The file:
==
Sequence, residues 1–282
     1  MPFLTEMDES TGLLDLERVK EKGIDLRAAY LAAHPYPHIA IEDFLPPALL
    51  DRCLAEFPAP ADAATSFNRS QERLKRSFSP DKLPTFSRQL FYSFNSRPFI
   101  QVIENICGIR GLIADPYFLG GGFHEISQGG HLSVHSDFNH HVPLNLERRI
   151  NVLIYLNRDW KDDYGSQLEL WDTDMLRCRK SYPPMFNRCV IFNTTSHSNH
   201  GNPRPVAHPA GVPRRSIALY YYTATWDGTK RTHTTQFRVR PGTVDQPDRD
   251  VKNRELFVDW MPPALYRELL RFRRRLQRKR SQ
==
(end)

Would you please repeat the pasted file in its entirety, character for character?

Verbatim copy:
Sequence, residues 1–282
     1  MPFLTEMDES TGLLDLERVK EKGIDLRAAY LAAHPYPHIA IEDFLPPALL
    51  DRCLAEFPAP ADAATSFNRS QERLKRSFSP DKLPTFSRQL FYSFNSRPFI
   101  QVIENICGIR GLIADPYFLG GGFHEISQGG HLSVHSDFNH HVPLNLERRI
   151  NVLIYLNRDW KDDYGSQLEL WDTDMLRCRK SYPPMFNRCV IFNTTSHSNH
   201  GNPRPVAHPA GVPRRSIALY YYTATWDGTK RTHTTQFRVR PGTVDQPDRD
   251  VKNRELFVDW MPPALYRELL RFRRRLQRKR SQ